Opening Day is less than two weeks away, and fans want to know if the Nationals will be better in 2008. Here are some answers to their questions.

Based on what you've seen and heard during Spring Training, who do you think will be in the Nats' starting rotation?
-- John A., Fredericksburg, Va.

Here is my prediction on who will make the rotation: Jason Bergmann, John Patterson, Odalis Perez and Tim Redding. The Nationals don't need a fifth starter during the first week of the season. By mid-April, I see Shawn Hill recovering from his right forearm injury and returning as the fifth starter. I hope part of my prediction is wrong, because young lefty John Lannan deserves to be in the rotation. I believe he is the real deal.

Do you see the Nationals trading Nick Johnson or Dmitri Young?
-- Alex C., Montreal

I've always said I would never put anything past general manager Jim Bowden. I thought he didn't have a good chance to trade Jose Vidro, but Bowden was able to get rid of Vidro and his salary. However, I believe both Johnson and Young will stay in Washington, with Johnson as the everyday first baseman and Young as a backup.

What is Rob Mackowiak's status? I've heard nothing about him, and he doesn't appear to be playing in the spring games.
-- Gerry T., Pittsburgh

Mackowiak hasn't played a Major League exhibition game because of an abdominal injury. He has been playing in Minor League games for the last week or so. I'll find out what's going on with Mackowiak on Wednesday or Thursday.

What are the Nationals' plans with catcher Jesus Flores? Instead of spending big money on two catchers -- Paul Lo Duca and Johnny Estrada -- they could have used that money on pitching and keep Flores on the 25-man roster.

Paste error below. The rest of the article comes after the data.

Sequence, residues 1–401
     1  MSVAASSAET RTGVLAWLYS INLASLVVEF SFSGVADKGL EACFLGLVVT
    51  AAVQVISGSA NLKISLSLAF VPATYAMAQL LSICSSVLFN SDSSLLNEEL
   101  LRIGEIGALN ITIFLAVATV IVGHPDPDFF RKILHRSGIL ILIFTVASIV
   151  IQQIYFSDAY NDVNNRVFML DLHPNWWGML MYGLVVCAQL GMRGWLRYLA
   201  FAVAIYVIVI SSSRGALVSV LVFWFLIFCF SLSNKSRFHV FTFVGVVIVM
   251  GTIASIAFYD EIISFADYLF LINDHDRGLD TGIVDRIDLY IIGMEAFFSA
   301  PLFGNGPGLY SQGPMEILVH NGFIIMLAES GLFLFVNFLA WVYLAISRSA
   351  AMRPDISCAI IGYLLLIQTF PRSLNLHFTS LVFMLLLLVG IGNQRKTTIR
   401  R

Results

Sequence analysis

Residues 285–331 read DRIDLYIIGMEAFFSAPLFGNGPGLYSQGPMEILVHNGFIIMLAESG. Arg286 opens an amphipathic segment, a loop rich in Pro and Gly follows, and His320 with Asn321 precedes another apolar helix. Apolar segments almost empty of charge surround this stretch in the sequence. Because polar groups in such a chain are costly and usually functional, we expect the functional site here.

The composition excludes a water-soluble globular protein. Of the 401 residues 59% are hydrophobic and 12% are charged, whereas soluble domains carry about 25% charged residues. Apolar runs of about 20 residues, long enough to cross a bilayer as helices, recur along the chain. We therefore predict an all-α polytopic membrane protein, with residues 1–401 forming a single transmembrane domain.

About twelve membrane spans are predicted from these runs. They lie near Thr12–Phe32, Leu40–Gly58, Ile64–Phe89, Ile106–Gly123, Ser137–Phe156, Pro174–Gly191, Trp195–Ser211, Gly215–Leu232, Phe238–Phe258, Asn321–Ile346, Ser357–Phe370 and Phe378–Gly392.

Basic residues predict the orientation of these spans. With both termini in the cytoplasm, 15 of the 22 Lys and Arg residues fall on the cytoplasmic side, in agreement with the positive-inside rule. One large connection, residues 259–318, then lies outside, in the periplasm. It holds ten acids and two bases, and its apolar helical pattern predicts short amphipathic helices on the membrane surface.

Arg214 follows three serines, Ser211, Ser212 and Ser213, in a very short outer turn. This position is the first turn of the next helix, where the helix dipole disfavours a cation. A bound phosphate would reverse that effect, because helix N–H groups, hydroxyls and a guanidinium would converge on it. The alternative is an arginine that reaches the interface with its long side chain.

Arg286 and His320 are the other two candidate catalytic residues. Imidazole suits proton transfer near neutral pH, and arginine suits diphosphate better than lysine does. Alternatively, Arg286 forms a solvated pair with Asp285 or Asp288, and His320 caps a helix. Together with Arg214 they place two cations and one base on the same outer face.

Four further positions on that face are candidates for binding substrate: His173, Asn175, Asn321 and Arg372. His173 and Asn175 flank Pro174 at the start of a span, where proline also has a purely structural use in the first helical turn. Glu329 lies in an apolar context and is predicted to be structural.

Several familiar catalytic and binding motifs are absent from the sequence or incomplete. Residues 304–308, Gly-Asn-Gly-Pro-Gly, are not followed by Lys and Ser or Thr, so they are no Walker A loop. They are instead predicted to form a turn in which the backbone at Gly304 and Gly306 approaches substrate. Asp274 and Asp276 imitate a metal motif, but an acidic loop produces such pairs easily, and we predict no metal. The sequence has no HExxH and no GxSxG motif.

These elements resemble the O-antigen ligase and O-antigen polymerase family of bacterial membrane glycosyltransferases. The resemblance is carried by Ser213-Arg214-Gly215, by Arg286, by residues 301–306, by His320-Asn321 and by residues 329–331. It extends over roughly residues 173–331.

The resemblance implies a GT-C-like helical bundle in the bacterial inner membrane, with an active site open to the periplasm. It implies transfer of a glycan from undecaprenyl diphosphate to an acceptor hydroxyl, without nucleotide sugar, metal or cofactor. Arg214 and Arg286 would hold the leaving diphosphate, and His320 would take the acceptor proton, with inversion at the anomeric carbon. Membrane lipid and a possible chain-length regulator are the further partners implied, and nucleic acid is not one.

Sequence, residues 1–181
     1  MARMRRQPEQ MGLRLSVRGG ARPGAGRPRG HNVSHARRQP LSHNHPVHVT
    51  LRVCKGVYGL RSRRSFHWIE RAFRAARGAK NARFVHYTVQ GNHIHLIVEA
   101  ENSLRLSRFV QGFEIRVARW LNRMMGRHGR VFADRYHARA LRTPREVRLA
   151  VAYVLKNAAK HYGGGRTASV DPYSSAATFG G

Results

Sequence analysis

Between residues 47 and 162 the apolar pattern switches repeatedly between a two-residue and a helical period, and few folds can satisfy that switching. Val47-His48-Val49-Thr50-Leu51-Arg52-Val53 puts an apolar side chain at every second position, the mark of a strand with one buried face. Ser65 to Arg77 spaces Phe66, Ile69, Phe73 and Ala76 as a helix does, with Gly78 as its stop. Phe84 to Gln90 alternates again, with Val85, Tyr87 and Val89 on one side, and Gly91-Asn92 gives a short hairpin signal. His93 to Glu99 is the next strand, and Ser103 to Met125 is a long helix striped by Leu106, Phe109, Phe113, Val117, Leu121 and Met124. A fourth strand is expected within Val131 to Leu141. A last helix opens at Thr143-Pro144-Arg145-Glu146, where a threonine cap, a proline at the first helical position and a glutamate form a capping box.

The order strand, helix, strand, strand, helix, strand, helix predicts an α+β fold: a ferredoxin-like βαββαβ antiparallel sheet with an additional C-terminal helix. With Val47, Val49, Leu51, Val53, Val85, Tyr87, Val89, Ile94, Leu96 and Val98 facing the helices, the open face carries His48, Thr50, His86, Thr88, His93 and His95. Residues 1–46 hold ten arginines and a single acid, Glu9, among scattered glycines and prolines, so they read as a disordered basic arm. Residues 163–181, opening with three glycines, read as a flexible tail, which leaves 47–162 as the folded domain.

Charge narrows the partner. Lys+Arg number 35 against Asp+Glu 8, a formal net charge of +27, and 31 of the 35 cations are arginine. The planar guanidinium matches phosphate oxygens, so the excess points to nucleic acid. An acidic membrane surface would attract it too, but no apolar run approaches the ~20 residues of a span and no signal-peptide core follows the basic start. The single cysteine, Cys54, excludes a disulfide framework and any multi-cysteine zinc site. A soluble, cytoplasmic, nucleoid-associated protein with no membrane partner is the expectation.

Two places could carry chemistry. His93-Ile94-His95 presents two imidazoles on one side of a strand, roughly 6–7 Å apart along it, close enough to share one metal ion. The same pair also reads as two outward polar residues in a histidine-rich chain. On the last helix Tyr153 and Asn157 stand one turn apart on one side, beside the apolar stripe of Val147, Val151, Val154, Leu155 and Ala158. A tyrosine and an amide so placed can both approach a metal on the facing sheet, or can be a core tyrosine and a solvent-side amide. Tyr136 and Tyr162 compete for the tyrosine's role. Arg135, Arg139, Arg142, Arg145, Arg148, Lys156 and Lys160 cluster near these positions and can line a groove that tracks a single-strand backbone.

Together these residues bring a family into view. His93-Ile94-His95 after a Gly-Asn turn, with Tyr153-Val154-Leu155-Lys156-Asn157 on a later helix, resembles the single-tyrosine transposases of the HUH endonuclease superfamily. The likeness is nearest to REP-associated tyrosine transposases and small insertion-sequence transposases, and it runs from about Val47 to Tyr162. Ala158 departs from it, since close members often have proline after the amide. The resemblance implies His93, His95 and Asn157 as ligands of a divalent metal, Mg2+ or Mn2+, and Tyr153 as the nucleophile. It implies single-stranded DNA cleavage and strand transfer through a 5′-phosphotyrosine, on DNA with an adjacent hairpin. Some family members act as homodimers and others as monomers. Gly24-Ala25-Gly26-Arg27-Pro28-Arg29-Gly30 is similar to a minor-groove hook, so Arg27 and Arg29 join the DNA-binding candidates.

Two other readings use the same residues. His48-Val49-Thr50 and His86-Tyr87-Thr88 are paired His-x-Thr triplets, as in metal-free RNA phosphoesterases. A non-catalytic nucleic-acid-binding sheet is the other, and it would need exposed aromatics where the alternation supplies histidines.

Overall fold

-- Juan H., Wellington, Fla.

For now, it looks like Flores will go back to the Minor Leagues to play every day for Double-A Harrisburg. There's a good chance Estrada will go on the disabled list. If that's the case, Wil Nieves will most likely be the backup.

Do you think we'll ever see Mike O'Connor in the Nationals' rotation again?
-- Jason S., Washington

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It will depend on how well he does in the Minor Leagues. After pitching well in his first two games this spring, reality set in when he was hit hard by the Mets this past Monday.

Do you think it's wise to give a rotation spot to Perez instead of taking a chance on a younger arm?
-- Myrod N., Yarmouth, Nova Scotia

I'm the type of guy who would rather see the Nationals give a person like Lannan or Matt Chico a chance, but they don't want to rush their prospects. However, Perez is in the best shape of his life, and the Nats feel he will win a lot of games for them.

How about addressing why teams like the Nats will never really have a chance to win the World Series unless revenue sharing and salary caps are established?
-- Bobby B., Washington

First of all, there is revenue sharing, and you are wrong when you say the Nationals will never have a chance to win the World Series. Yes, it's nice to spend some money, but you win championships these days by having a great farm system. The 2003 Marlins, '05 White Sox and '07 Red Sox and Rockies are examples of how far you can go if you have a Minor League system.

In two or three years, I expect the Nationals will be World Series contenders primarily because of their farm system.

Since Bowden has taken over as general manager of the Nationals, why does he keep pursuing former Reds players? He didn't have any luck with them there, so why does he think he's going to have luck now? I was wondering if this is something a lot of general managers do.
-- Jarod L., Bellefontaine, Ohio

I disagree that Bowden didn't have much luck with those players. Young and Hector Carrasco turned out pretty well. In fact, Young has done well in Cincinnati and Washington. Austin Kearns never played a full season until he became a member of the Nationals, and Felipe Lopez is an OK player who hasn't reached his potential. I don't have a problem with Bowden bringing in former Reds players.

It's not out of the ordinary for GMs or managers to bring in players from other organizations they have previously worked with. In the late 1990s, for example, Cardinals manager Tony La Russa brought in Mark McGwire and Dennis Eckersley from the Athletics.